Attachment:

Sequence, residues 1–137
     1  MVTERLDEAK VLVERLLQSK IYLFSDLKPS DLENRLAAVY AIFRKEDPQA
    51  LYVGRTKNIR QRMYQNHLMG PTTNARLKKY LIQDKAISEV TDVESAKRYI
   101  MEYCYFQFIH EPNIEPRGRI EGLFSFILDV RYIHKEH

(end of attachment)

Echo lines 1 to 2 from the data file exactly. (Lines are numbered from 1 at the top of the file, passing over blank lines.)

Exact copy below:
Sequence, residues 1–137
     1  MVTERLDEAK VLVERLLQSK IYLFSDLKPS DLENRLAAVY AIFRKEDPQA